The Bangladesh cricket team escaped unhurt despite being in close vicinity of a shooting attack on a mosque here but its ongoing tour of New Zealand was called off owing to the "unprecedented act of violence" in which 49 people were killed.
The attack took place on two mosques in the city and also injured more than 20 people, according to the police. The Bangladesh team, which was about to enter the the Masjid Al Noor mosque in Hagley Park to offer prayers, escaped unscathed but the situation led to the authorities calling off the third and final Test match starting Saturday. The match was the tour finale for the visitors. "We are very thankful that we weren't caught in the crossfire, but what we saw was straight out of a movie scene. We could see bloodstained people staggering out of the mosque," Bangladesh team manager Khaled Mashud told reporters.
"Maybe for about eight-ten minutes, we were all inside the bus and were sitting with our heads bowed, just in case someone fires at us," he added. The team's Indian Performance analyst Shrinivas Chandrasekeran, a Mumbai-based computer-engineer-turned-cricket-analyst, was there in the bus at the time of the incident. The side's spin consultant Sunil Joshi, also an Indian, was however at the team hotel. "We couldn't react initially. In such a horror situation, your brain automatically freezes as you are terrified. That's exactly what happened to all of us," Chandrasekaran, who has been with the team for the past one year, told PTI.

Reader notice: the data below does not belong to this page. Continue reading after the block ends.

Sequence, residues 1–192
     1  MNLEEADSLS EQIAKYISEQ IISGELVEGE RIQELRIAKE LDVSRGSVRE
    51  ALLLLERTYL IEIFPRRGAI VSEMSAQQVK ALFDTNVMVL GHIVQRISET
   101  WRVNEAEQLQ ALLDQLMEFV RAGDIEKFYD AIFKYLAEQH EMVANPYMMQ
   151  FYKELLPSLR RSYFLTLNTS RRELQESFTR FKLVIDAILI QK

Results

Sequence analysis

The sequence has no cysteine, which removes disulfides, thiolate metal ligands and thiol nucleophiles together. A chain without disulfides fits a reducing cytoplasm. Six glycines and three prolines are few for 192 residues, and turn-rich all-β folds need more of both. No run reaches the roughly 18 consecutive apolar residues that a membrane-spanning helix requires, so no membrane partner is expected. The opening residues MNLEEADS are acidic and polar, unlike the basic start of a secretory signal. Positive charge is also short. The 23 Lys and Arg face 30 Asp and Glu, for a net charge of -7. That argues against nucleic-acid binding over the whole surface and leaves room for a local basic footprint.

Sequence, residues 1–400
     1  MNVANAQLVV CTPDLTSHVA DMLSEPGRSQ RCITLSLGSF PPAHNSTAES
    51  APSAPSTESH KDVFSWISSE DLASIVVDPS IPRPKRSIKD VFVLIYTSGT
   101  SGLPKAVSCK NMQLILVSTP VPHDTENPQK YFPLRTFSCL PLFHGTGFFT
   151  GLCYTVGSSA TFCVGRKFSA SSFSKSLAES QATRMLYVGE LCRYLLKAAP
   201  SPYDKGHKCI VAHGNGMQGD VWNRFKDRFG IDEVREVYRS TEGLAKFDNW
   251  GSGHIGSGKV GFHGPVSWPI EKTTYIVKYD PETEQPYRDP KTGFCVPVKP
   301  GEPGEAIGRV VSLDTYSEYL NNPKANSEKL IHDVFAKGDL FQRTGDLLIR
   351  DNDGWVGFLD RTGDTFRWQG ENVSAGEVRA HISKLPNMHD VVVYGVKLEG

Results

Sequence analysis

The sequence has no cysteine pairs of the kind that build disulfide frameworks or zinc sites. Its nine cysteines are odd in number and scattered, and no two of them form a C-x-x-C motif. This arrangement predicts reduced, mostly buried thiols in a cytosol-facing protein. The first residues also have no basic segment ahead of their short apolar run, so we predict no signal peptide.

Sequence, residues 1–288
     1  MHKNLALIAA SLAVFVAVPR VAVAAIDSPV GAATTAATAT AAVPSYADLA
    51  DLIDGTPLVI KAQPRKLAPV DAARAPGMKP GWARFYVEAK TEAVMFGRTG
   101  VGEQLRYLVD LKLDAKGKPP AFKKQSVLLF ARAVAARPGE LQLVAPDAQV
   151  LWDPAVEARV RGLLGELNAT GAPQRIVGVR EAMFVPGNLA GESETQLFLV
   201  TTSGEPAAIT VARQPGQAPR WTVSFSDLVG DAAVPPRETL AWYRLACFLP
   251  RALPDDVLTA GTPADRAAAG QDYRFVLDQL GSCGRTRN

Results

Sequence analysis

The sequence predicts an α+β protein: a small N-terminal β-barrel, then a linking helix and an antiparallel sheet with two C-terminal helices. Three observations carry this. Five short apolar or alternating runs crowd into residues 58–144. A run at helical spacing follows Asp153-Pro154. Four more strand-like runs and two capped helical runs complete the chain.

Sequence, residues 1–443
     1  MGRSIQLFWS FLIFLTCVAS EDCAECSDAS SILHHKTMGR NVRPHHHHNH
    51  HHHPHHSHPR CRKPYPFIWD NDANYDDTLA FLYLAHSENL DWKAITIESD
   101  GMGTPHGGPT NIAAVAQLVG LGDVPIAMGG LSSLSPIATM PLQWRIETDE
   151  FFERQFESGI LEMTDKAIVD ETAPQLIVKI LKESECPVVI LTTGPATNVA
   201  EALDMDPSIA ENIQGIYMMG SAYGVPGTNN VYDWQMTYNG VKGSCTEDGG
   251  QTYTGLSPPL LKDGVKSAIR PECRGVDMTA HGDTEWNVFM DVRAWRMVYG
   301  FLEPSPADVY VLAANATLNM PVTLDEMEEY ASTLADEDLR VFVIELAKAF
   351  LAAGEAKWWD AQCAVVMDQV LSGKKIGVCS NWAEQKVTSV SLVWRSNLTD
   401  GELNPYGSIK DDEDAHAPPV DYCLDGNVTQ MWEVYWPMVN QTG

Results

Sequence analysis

On being contacted, Joshi said, "I am safe, I will be back in India on Wednesday next week. I cannot talk on the incident right now." New Zealand Prime Minister Jacinda Ardern said the incident marked "one of New Zealand's darkest days" "It is clear that this can now only be described as a terrorist attack," Ardern said. Bangladesh's senior opener Tamim Iqbal said it was a frightening experience for the team. "...please keep us in your prayers," he tweeted. Ardern issued a strong statement condemning the attack.
"This is significant and I can tell you now this is and will be one of New Zealand's darkest days. I would describe it as an unprecedented act of violence, an act that has absolutely no place in New Zealand. This is not who we are," she said. "Certainly it has occurred at a place where people should have been expressing their religious freedom, where they should have been in a safe environment, and they have not been today. There is no place in New Zealand for such extreme acts of unprecedented violence.